We put this down to a mix of transparency; compassion; trust in one another’s abilities and expertise; belief in the product we were creating; keeping the focus on the customer; remaining fearless in failing (we learned quickly what did and what didn’t work and we adapted accordingly); maintaining a sense of humour; and mobilising all resources, including the great relationships we had.


4. Manage StriveStronger’s costs

Cutting back any expense that wasn’t essential to surviving was a difficult but necessary step in the process. Initially, this meant letting go of a few consultants who were on monthly retainers. This was a hard decision but had to be done.

We leveraged the government’s JobKeeper payments, negotiated with our landlord to reduce rent and cut back staff and billable hours. These steps were hard and humbling and involved tough conversations. Ultimately, however, without reducing costs we wouldn’t have survived, and it led to the realisation that many of the costs were not essential to running a profitable business.


5. Momentum breeds success

Years ago, while working as the Physical Performance Manager for the NSW and Australian cricket teams, I was sitting with NSW cricket coach Steve ‘Stumpa’ Rixon watching what I thought was a very slow match.

When I asked whether he ever got bored watching cricket, Stumpa turned to me and said, “Maysie, there’s so much happening.”

He explained how the opening batsmen were setting up the whole game, patiently seeing the new ball through until lunch, protecting their wicket and creating momentum, one ball at a time. The ‘momentum’ that day led to a commanding win for NSW on day four of the Sheffield Shield.

When COVID-19 hit, I knew we had to keep up the momentum, so I agreed to a few 30 Day Boost programs at a reduced price. We barely broke even on these programs but it gave us the chance to keep refining and keep busy. Keeping the momentum gave us the confidence we needed to succeed.

6. Leading with optimism

I asked my team for feedback on what they felt I did/we did as a team. My Executive Assistant, Erin Honor, said, “You led with optimism but were completely transparent and realistic about what we needed to do to survive.”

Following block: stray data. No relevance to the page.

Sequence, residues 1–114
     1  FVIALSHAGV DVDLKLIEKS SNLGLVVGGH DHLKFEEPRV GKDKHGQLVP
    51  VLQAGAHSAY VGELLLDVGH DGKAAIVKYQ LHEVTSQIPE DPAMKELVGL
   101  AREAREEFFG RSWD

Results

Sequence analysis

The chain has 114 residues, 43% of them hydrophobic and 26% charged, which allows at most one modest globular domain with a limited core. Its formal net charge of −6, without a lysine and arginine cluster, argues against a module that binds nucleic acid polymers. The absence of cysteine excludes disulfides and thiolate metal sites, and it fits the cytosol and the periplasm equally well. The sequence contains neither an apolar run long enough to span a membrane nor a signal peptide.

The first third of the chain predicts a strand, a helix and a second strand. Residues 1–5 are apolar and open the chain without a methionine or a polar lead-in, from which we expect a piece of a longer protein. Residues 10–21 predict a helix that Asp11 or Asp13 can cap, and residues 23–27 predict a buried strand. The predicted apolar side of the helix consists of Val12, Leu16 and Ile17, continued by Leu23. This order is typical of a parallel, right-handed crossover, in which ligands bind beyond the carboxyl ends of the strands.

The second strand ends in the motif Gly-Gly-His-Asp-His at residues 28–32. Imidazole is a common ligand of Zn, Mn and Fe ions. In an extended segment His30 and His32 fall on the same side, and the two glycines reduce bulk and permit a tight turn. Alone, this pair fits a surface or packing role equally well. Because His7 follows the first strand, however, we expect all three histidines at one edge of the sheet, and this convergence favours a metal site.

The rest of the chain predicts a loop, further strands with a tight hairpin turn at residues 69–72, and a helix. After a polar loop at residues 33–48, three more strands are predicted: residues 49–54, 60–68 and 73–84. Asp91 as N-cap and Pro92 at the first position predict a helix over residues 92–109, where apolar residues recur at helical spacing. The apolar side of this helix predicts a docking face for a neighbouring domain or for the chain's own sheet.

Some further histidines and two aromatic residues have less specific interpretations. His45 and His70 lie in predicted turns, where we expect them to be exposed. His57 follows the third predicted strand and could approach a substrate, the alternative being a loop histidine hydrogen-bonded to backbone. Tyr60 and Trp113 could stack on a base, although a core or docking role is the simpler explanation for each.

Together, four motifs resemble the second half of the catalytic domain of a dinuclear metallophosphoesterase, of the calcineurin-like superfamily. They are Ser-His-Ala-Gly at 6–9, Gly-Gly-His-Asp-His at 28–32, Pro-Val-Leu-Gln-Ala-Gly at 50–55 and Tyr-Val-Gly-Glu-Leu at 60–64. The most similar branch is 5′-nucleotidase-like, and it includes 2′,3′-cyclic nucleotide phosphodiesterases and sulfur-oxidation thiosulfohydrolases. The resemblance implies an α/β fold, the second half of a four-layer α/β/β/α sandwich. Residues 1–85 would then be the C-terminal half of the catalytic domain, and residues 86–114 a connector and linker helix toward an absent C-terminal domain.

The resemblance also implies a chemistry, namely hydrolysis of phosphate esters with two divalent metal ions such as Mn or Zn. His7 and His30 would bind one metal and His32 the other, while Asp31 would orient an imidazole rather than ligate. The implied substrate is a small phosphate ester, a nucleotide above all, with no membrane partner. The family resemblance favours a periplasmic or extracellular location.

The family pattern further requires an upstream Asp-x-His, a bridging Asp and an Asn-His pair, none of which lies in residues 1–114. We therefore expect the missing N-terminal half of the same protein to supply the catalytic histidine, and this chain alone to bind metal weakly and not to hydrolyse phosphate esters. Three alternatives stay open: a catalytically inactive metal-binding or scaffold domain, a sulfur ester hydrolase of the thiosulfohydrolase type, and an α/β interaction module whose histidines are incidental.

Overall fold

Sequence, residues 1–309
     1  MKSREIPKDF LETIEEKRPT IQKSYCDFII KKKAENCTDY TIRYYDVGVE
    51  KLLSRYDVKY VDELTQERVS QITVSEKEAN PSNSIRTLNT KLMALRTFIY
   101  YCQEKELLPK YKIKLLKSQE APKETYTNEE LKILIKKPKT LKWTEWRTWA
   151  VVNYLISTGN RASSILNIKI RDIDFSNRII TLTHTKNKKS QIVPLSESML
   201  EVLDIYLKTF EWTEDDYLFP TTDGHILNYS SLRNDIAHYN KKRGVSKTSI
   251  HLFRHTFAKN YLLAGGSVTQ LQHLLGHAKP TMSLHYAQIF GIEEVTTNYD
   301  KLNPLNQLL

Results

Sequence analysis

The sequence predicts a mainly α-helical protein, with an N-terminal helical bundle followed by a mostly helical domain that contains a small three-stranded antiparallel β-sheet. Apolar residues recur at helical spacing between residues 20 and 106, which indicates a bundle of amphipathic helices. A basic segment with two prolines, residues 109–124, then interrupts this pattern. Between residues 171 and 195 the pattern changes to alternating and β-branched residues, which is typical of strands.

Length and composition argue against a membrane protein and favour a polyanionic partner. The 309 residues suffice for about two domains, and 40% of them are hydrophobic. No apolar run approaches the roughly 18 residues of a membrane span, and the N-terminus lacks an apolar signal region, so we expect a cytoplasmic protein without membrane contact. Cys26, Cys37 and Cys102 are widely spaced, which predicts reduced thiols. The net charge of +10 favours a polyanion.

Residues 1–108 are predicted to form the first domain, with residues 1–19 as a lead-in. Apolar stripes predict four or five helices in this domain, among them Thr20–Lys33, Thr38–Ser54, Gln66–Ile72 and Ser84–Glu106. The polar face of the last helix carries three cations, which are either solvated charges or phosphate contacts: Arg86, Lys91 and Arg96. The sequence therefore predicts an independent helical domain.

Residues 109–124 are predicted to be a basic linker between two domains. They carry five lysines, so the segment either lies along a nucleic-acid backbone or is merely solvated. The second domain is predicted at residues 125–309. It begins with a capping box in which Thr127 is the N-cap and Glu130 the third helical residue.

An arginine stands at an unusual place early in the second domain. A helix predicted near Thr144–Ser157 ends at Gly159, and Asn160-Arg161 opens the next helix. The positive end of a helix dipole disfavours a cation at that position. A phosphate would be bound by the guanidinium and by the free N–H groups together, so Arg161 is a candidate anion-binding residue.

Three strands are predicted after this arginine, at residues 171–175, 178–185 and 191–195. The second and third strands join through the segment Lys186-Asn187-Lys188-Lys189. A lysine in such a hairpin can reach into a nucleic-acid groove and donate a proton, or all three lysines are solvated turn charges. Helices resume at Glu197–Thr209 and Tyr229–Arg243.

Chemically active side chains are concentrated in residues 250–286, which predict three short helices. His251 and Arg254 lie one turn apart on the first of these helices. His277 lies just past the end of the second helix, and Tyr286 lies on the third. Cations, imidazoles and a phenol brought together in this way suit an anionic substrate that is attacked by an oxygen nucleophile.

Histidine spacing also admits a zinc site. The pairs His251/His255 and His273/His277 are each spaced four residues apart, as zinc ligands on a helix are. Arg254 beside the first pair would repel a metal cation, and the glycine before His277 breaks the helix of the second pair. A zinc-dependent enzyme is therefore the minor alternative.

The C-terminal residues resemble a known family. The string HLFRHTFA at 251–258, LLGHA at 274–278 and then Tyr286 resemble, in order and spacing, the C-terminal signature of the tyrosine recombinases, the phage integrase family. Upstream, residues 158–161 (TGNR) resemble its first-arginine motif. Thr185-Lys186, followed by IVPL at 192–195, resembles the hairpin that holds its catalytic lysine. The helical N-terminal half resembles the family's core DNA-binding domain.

In the first weeks after COVID-19 hit, we operated on a tactical, short-term basis, looking at what to do day by day. As it became apparent this was no short-term hiccup, I knew I must remain buoyant for myself, for my team, for StriveStronger and for my family. Anchoring my optimism with transparency and clarity, I believe, helped to keep it realistic and grounded.

7. Digital backflip

Digital swiftly became the number one focus. StriveStronger and my keynote speaking business did a complete digital backflip (we are not allowed to use the word ‘pivot’), cranking up internal video production, writing a stack of content specific to COVID-19, starting a podcast, adding data analytics and investing heavily in technology and broadcasting equipment.

We set up a studio in my home office, inspired by global speaking expert Keith Abraham, with a three-camera shoot, digital whiteboards, studio lighting, professional microphones and green screen to create a truly immersive virtual presentation experience.

We introduced an internal producer for each digital presentation and created a multi-platform experience, understanding the unique skills needed to run successful video conferences, meetings and webinars across various platforms.

I’m really proud of us as a team. We have created a totally different business and I am also proud of sticking to my belief that we could get through this.

StriveStronger partnered with bank NAB to provide a complimentary digital program and Business Fit Podcast (NAB Business Fit) to support small and medium-size enterprises and their staff to be more resilient, transition to new ways of working and sustain physical and psychological wellbeing.